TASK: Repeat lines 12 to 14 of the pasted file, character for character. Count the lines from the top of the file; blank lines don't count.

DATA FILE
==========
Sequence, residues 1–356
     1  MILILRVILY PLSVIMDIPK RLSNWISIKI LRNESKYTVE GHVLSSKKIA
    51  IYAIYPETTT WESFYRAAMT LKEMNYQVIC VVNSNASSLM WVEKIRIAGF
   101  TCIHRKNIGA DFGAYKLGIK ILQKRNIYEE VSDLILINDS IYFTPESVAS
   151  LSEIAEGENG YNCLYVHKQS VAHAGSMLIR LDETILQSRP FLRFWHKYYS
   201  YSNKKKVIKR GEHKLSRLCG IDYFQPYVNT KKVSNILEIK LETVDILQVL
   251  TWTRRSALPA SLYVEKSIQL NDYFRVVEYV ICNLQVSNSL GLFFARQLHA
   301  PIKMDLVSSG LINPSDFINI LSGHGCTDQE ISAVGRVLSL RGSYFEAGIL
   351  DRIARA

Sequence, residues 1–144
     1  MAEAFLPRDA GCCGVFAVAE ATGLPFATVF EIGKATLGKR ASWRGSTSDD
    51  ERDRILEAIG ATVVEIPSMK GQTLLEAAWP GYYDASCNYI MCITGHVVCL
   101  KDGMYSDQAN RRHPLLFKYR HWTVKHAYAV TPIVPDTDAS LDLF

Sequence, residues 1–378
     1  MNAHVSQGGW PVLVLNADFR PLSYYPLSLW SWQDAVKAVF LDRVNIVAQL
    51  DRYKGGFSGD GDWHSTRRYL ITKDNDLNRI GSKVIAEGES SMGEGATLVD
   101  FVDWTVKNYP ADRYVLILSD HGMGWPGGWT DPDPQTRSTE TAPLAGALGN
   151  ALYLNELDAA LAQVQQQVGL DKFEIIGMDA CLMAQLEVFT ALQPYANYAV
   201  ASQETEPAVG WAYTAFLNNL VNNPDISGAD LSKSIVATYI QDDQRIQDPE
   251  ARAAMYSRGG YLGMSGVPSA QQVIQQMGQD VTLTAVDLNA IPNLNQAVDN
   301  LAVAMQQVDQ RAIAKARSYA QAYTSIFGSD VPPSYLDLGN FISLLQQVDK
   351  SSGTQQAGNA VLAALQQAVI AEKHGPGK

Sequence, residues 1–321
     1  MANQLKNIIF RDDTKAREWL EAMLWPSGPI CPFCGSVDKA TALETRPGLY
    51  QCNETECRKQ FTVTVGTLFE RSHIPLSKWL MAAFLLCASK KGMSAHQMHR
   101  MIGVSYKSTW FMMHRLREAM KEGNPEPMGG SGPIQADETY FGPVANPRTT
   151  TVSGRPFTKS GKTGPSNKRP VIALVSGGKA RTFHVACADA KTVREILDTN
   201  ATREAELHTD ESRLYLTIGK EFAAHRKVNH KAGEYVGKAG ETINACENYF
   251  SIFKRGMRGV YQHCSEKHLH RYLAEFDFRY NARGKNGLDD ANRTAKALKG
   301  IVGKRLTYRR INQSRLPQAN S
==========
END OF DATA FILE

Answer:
    51  ERDRILEAIG ATVVEIPSMK GQTLLEAAWP GYYDASCNYI MCITGHVVCL
   101  KDGMYSDQAN RRHPLLFKYR HWTVKHAYAV TPIVPDTDAS LDLF

Sequence, residues 1–378